2008/09: 40-33-9 – 89 pts (3rd in Northwest, 9th in East)
Arrived: Martin Havlat (CHI), Petr Sykora (PIT), Greg Zanon (NSH), Wade Dublielewicz (CBJ), Kyle Brodziak (EDM), Shane Hnidy (BOS)
Departed: Marian Gaborik (NYR), Dan Fritsche, Peter Olvecky (NSH), Stephane Veilleux (TB)
The Wild came painfully close to making their third straight playoff appearance (and first round exit), but finished just short even after winning their last three regular season games. The biggest change this off-season happened in management, as they pried Harvard grad Chuck Fletcher away from the Penguins and made him their new General Manager. Fletcher was quiet in his first off-season in charge, with the only major on ice move being letting talented but injury prone winger Marion Gaborik walk and replacing him with… talented but injury prone winger Martin Havlat. At least they will be paying Havlat less than they would Gaborik to sit in the press box. Signing Petr Sykora as insurance was a temendous decision. He also hired Todd Richards to replace the only man who had ever coached the Wild, Jacques Lemaire.
Minnesota’s defensive style under Lemaire worked well for winning games, but was a nightmare for fantasy managers. Mikko Koivu was the only Wild player to score more than 50 points last year, and he is not even the most famous NHL player in his own family. It will be interesting to see if Richards lets the Wild open up a bit offensively this year, and they should compete for a playoff spot in the West.
FANTASY WORTHY FORWARDS
Martin Havlat (RW) – In his contract year, Havlat broke the 70 game barrier for the first time since 2001-02. Something smells fishy. Do not expect a repeat of last year when Havlat benefited from a potent Blackhawks offence. If he plays a full season, I think 65 points is a reasonable projection for Havlat, although he will provide great production in the plus minus department.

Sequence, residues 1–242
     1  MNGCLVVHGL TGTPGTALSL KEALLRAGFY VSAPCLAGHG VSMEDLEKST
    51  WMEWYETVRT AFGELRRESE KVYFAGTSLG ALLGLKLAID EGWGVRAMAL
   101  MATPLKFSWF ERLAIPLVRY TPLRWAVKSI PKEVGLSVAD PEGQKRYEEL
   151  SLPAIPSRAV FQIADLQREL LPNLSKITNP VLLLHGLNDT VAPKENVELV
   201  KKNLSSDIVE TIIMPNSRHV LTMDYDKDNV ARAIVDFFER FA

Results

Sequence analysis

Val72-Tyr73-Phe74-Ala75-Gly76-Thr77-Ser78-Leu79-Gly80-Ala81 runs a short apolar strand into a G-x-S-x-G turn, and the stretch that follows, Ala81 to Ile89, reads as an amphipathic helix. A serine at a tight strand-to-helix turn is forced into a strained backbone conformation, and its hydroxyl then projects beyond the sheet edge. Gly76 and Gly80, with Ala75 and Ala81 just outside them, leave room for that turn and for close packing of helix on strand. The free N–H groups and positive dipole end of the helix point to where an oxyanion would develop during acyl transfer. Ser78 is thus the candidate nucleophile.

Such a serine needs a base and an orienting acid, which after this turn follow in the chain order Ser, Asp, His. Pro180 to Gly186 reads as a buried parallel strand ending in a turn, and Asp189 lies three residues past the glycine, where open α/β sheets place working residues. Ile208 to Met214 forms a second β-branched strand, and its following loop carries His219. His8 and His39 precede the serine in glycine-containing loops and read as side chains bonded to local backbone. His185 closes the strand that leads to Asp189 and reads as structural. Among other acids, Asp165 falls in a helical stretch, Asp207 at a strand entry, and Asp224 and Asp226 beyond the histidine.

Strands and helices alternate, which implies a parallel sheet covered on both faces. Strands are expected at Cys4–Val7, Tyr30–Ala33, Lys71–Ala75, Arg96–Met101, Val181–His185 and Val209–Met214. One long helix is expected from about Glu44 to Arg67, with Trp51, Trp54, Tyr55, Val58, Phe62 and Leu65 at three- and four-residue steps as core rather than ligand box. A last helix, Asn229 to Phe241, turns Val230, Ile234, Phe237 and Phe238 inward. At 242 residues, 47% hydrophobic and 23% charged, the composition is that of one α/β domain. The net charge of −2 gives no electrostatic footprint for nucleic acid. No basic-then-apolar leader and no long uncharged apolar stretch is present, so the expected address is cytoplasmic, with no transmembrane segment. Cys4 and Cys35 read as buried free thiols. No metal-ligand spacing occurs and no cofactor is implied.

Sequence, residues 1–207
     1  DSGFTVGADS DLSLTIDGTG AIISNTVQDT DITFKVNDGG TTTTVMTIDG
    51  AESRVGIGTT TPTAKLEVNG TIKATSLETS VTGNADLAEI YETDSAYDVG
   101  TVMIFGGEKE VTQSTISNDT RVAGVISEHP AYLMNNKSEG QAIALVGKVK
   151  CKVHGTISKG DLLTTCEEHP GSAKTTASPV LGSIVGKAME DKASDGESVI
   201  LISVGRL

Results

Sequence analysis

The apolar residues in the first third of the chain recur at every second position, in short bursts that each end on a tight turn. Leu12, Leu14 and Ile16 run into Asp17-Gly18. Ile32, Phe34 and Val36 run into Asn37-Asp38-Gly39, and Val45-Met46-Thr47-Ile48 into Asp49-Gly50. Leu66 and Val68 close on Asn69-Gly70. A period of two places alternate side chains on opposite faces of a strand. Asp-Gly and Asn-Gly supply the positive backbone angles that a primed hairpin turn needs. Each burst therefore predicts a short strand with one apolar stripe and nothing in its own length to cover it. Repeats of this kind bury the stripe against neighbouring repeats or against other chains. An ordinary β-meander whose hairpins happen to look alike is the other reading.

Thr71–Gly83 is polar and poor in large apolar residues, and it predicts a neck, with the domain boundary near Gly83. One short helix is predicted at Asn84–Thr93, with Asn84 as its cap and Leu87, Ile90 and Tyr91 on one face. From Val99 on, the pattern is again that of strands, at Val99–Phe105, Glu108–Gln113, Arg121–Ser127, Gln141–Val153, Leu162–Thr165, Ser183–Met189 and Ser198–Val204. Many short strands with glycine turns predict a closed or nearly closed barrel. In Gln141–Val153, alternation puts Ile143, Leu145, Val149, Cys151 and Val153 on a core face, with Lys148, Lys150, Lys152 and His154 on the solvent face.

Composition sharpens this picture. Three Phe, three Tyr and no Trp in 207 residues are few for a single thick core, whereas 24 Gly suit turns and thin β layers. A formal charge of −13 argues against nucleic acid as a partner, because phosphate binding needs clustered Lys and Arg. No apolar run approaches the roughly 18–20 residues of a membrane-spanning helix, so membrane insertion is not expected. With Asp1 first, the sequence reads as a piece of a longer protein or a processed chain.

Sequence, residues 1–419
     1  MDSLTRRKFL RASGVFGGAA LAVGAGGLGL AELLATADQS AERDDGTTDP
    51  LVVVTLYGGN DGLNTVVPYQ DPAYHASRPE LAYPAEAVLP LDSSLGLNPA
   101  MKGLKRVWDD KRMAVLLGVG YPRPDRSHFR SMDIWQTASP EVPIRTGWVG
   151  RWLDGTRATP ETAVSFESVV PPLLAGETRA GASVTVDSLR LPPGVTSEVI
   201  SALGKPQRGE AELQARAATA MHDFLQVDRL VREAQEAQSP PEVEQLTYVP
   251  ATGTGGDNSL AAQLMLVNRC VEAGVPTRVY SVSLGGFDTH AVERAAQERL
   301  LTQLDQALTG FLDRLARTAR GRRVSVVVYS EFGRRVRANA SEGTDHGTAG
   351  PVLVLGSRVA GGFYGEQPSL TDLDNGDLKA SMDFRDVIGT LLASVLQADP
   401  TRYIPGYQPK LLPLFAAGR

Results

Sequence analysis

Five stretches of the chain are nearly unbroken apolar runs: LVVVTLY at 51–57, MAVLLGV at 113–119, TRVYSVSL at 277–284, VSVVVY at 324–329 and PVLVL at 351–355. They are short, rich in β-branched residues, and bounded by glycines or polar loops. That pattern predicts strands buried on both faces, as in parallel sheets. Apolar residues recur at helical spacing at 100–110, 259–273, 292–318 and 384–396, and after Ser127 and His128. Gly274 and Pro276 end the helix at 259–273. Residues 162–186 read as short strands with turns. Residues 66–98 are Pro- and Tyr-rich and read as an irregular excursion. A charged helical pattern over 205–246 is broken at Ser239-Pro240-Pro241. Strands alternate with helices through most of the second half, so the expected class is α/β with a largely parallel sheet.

Mikko Koivu (C) – After a red-hot start last year, Koivu showed his true colours and faded badly down the stretch. From February 6th to April 7th he recorded only one multi-point game, good for 13 points in 28 games and a -7 rating. Another 65 point season is realistic if Havlat stays healthy, but if not I would not count on Koivu for more than 55 points.
Owen Nolan (LW) – In what has become a common theme among Wild forwards, Nolan is an effective player… when healthy. He scored 45 points in 59 games last season, which is reasonable per game production for a winger. At his advanced age I would not bank on Nolan staying healthy for an entire season.
Pierre-Marc Bouchard (C, LW, RW) – If memory serves correct, by the end of last season Bouchard was eligible at all three forward positions. This is where his value lies. He is a good choice as the last forward on your team because he is versatile and can get you an extra game or two every week.
Keep an eye on: Antti Miettinen, Petr Sykora
DRAFT WORTHY DEFENCEMEN
Marek Zidlicky – Zidlicky quietly had another good season last year, scoring 42 points and putting up 76 penalty minutes. Like most Minnesota players he flies under the radar because they play such boring hockey, and could be a good deal on draft day.
Brent Burns – The man crush that everyone seems to have on Burns has yet to lead to fantasy success, but he did put up 27 points in 59 games last year, although his -7 rating was quite uncharacteristic. If you are confident in a Wild defenceman putting up consistent points, he is not a bad pick.
Keep an eye on: Marc-Andre Bergeron
BETWEEN THE PIPES
Niklas Backstrom – Backstrom was a fantasy dynamo last year. He was 5th in the NHL in wins, tied for 3rd in GAA, 4th in SV% and 3rd in shutouts. It will be interesting to see how the departure of Lemaire’s lock-down defensive system affects Backstrom. It is my personal opinion that he is an above-average goalie who benefitted tremendously from Minnesota’s system, and he is definitely one of the players with the most to prove this year.
Bonus: Minnesota does not deserve a funny comment because they make me want to not watch hockey. Hopefully Richards changes that… and cuts Derek Boogaard.
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